I am up to my thumbs in poop.
And I am not talking about the fact that I change two babies’ smelly poopy diapers multiple times a day. No, I’m talking about a whole different pile of poo. Four of them, actually.
Last week, when I took my kids for a walk to the park, I was busily admiring the fall foliage when I rolled the stroller through a pile of doggie doo. A bit later, as I held my daughter’s hand while also steering the stroller across a street, I stepped in a different pile of doggie doo. A little after that, Jack, to avoid running into us, rode his bike into the grass – and through a third pile of doggie doo.
Um, hello? Anyone? There’s a city ordinance that requires you to pick up your doggie’s doo whenever the animal defecates on any property that isn’t yours. That includes the planting strip in front of your house, the sidewalk by the church, and the public park. (It’s called “public” for a reason – because it doesn’t belong to you.) And it’s not just illegal to leave Fido’s poop lying on the ground, it’s also unsanitary and just plain rude. Some poor mother of twins could step in it. Or roll her stroller through it. Or both.
But wait. This story’s not over.
When we got to the park, Jack and I needed to clean off his bike tire because he wanted to ride the bike through the play area, and I didn’t want him trailing dog poop where little kids might put it in their mouths. (I’m pretty low key about what my kids stick in their mouths, but I draw the line at fecal matter. Oh, and cigarette butts. I figure other parents probably have even firmer boundaries.)
We tried using sticks to get the poo out of the tire treads, with only marginal success. Then I had a brain wave: diaper wipes! I put the diaper bag on a nearby picnic table and pulled out our changing pad, where we keep the wipes. We used most of them to wipe the tire off, but I saved a few just in case I needed to change a poopy diaper before we got home. After Jack and I sanitized our hands with the alcohol gel I keep with the wipes, I rolled the changing pad up.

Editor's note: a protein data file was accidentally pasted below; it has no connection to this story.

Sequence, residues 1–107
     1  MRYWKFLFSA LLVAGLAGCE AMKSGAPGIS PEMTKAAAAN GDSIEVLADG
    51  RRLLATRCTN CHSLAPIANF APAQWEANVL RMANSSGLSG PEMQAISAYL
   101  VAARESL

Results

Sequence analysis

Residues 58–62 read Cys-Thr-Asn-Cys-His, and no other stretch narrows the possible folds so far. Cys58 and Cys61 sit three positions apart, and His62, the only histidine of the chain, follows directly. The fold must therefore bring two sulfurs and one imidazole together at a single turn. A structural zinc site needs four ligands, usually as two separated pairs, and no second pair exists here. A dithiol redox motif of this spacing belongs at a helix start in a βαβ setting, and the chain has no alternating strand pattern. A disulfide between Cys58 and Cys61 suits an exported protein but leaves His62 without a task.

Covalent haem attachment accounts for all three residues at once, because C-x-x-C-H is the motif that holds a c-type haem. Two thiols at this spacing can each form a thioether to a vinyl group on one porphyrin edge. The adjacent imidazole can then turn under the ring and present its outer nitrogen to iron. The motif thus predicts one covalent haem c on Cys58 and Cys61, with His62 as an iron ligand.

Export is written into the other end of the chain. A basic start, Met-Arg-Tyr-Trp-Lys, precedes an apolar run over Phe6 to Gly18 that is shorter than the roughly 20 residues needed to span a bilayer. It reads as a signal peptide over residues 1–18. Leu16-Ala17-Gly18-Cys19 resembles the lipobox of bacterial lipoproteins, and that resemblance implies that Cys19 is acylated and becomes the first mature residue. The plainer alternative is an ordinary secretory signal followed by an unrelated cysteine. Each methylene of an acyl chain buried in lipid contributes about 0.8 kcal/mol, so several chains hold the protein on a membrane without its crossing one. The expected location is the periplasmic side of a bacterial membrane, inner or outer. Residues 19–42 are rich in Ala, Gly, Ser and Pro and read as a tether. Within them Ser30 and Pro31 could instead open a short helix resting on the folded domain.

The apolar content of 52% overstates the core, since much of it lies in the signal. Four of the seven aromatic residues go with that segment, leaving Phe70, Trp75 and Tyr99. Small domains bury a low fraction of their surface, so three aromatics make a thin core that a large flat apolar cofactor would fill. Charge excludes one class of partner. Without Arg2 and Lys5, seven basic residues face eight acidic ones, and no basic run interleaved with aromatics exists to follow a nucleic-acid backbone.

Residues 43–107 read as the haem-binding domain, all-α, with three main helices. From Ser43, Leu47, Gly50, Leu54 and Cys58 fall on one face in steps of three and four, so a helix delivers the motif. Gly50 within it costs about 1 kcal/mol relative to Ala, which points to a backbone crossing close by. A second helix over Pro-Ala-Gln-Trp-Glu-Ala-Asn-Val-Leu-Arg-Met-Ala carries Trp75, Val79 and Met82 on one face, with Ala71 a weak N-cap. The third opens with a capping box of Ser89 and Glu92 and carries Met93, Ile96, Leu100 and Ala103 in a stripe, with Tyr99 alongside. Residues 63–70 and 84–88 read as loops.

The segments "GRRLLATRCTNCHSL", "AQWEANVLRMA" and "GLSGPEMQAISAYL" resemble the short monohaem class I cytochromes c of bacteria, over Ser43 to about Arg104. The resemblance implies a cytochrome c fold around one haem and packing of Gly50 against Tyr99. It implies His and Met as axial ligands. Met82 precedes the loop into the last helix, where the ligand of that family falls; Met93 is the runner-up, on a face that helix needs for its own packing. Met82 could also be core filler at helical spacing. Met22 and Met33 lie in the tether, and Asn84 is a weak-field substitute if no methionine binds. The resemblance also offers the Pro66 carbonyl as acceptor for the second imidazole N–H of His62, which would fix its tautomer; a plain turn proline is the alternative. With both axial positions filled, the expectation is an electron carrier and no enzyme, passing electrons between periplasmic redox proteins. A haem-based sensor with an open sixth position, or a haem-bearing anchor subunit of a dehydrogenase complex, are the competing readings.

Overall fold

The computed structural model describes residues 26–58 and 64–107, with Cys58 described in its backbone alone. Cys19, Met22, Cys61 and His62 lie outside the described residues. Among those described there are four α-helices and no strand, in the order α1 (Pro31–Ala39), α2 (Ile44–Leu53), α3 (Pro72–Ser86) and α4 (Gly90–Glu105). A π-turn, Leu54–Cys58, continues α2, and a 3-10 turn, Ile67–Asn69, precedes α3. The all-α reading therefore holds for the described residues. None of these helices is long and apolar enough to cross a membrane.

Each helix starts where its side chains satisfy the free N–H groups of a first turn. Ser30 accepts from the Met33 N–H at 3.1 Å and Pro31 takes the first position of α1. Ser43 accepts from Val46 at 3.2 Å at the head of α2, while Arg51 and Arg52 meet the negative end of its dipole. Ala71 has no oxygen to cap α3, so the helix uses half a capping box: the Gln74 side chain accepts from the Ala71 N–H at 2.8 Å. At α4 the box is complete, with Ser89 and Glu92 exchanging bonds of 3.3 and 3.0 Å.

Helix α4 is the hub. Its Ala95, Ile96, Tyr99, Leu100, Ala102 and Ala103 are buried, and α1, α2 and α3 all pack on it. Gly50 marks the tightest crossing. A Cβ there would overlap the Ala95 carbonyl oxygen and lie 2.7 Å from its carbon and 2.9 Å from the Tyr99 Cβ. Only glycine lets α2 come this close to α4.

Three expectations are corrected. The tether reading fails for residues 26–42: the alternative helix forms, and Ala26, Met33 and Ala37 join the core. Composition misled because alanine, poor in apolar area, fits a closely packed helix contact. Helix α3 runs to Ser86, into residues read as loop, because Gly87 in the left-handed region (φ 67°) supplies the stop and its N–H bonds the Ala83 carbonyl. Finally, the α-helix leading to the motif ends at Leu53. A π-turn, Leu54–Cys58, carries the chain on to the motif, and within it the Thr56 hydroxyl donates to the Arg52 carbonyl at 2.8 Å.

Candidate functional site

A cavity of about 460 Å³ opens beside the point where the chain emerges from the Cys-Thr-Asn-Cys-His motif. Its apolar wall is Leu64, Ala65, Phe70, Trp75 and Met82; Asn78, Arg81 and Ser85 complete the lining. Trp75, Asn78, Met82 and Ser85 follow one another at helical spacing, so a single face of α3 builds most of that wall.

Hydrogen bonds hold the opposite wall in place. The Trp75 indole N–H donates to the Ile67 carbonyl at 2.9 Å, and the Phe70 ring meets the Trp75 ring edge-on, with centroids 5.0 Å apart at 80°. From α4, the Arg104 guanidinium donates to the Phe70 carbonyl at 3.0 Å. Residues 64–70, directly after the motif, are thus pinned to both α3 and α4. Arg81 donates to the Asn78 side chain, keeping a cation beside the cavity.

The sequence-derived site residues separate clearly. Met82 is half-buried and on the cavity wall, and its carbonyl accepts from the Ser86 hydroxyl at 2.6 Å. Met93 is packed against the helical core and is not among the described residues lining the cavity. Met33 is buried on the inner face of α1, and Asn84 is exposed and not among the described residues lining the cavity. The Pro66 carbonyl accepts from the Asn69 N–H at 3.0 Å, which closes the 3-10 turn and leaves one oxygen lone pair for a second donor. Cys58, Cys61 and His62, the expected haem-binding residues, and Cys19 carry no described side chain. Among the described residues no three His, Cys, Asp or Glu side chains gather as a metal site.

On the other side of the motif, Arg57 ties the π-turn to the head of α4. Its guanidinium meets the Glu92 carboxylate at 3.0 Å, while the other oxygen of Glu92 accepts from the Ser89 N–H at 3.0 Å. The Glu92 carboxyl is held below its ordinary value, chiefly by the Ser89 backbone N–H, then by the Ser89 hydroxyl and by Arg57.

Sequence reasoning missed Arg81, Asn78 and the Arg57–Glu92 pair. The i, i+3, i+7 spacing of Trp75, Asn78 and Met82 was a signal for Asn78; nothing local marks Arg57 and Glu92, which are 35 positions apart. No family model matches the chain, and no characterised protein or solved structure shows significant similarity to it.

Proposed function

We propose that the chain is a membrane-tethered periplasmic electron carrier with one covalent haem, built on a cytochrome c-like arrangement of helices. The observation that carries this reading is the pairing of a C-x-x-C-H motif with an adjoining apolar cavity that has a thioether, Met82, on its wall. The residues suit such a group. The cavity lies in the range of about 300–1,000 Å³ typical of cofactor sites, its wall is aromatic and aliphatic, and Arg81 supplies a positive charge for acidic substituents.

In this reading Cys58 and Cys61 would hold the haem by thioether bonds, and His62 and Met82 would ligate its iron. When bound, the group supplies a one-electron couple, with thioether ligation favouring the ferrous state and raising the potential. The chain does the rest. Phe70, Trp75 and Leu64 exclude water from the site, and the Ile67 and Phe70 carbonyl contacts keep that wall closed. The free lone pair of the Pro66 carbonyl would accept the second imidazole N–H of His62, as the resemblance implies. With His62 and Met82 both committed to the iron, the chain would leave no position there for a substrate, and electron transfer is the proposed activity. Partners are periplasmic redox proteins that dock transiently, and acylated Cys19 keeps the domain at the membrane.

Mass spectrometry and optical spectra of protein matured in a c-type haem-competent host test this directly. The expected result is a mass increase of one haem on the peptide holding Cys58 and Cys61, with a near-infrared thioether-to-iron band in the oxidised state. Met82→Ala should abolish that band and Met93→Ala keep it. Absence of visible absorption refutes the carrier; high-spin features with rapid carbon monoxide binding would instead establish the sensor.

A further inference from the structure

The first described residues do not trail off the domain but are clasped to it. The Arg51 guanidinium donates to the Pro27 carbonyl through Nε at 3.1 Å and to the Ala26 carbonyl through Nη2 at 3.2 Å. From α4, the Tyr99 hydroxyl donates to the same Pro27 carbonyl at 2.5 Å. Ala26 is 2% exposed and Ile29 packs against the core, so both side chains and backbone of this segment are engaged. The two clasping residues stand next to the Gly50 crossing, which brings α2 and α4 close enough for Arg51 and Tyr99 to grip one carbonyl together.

Unbeknownst to me, there was doggie doo on my changing pad. Some of it got on my thumb as I rolled up the pad.
No, I had not set the changing pad on the ground.
That’s right. Someone had put their little drop-kick Pekinese or Yorkie up on that table, let the blasted animal poop, and then not bothered to clean it up.
And now it was on my changing pad. And on my hand.
Lucky for me, I still had enough diaper wipes left to clean the dookie off my changing pad, my hand, and even the table.
Lucky for the dog-owners of Seattle, both the boys kept their poop to themselves till we got home. Otherwise I might have had to leave it on the ground.
Or maybe a table.